With road and bridge safety at the forefront of concern for many people, a leading state lawmaker in Texas is calling for protections to make sure transportation dollars aren’t routed for other uses.
Senate Transportation Chairman John Carona, R-Dallas, wants an amendment made to the Texas Constitution to prohibit lawmakers from diverting fuel tax revenue to pay for expenses other than construction and maintenance of transportation projects. He said the practice has become routine in the past few years.
“That’s going to be probably the most important single issue in this next session,” Carona told The Dallas Morning News. The next regular session convenes in 2009.
The state’s fuel tax revenue a year ago accounted for nearly $3 billion for transportation-related expenses. The funds already are restricted to transportation but changes made at the statehouse have steadily expanded the definition of what can be considered “related to transportation.”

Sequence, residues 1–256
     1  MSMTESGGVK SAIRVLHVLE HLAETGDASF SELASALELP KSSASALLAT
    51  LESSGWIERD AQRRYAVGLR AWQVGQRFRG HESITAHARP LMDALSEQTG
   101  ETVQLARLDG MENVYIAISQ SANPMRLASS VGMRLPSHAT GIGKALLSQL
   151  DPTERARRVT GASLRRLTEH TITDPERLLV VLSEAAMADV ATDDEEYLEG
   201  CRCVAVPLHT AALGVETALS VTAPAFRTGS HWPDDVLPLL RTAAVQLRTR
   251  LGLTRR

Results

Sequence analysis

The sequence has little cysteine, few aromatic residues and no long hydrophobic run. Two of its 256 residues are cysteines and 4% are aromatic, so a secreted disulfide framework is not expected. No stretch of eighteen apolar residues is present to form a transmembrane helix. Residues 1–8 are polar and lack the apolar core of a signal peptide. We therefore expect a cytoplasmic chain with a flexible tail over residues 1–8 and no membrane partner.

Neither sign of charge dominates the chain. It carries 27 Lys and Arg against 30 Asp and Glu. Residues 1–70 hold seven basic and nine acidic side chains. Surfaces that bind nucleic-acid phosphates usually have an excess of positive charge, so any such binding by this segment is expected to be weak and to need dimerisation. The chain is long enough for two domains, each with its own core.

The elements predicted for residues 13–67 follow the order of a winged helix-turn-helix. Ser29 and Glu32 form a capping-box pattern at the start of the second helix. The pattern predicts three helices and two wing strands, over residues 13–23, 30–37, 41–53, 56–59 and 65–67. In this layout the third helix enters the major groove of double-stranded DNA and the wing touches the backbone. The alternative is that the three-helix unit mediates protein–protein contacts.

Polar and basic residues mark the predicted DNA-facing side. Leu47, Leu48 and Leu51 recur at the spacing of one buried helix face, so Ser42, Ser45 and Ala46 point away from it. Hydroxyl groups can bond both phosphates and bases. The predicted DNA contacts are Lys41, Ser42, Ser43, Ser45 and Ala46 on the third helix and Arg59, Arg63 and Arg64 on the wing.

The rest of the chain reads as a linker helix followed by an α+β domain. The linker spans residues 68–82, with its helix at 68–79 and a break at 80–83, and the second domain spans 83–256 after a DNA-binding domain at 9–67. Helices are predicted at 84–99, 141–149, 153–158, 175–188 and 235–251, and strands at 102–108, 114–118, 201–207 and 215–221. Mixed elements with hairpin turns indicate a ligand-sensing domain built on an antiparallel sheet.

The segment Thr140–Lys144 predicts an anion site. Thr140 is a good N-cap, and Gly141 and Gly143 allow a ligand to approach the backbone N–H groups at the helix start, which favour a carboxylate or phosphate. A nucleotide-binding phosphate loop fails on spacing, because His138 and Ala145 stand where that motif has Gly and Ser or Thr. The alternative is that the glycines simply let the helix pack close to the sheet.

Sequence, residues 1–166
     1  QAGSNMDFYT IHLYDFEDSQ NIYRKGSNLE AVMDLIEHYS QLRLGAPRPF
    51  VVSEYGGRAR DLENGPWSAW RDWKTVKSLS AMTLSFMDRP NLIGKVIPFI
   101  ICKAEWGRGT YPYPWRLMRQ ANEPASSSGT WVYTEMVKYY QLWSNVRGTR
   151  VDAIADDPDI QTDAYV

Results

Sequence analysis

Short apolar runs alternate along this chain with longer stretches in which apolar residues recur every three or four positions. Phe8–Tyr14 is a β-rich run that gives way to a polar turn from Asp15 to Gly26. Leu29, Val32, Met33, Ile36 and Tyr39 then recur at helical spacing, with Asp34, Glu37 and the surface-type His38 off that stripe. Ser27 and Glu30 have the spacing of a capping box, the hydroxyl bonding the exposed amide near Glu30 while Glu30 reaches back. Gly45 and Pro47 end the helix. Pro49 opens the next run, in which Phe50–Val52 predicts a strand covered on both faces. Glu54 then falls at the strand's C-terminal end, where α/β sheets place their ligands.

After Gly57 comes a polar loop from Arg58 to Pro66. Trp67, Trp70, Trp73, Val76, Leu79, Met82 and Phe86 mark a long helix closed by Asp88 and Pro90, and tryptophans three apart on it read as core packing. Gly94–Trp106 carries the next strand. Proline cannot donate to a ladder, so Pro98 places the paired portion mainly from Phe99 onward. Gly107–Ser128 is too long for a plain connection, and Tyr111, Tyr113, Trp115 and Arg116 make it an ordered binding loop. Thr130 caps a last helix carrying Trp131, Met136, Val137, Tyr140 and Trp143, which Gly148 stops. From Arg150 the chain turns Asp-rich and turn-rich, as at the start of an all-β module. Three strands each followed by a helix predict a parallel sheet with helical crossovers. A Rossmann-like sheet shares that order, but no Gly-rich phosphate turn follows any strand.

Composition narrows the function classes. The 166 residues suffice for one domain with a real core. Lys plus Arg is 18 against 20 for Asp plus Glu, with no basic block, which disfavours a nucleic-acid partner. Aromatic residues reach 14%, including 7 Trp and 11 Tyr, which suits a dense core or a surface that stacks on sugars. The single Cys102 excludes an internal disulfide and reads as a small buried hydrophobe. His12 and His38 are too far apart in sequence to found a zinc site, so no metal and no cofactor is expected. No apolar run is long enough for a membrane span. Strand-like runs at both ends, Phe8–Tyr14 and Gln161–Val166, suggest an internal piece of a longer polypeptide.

An example is that the motor fuels tax pays for the bulk of the Department of Public Safety’s annual budget, The Morning News reported.
The most recent budget for the state included nearly $1 billion in fuel tax revenues that went to other uses than transportation projects, Carona said. Instead, he said the money could have been leveraged with bond debt to pay for nearly $10 billion in road work and repairs.
An amendment to the Texas Constitution would require two-thirds of House and Senate lawmakers to be in agreement. It must then go to the ballot where a simple majority of voters would need to approve the change.
Carona said the bridge collapse in Minneapolis is likely to draw renewed attention to inadequate funding of roads, bridges and other transportation infrastructure. In the months to come, he anticipates the issue will be a hot topic at state capitols and in Washington, DC.
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– By Keith Goble, state legislative editor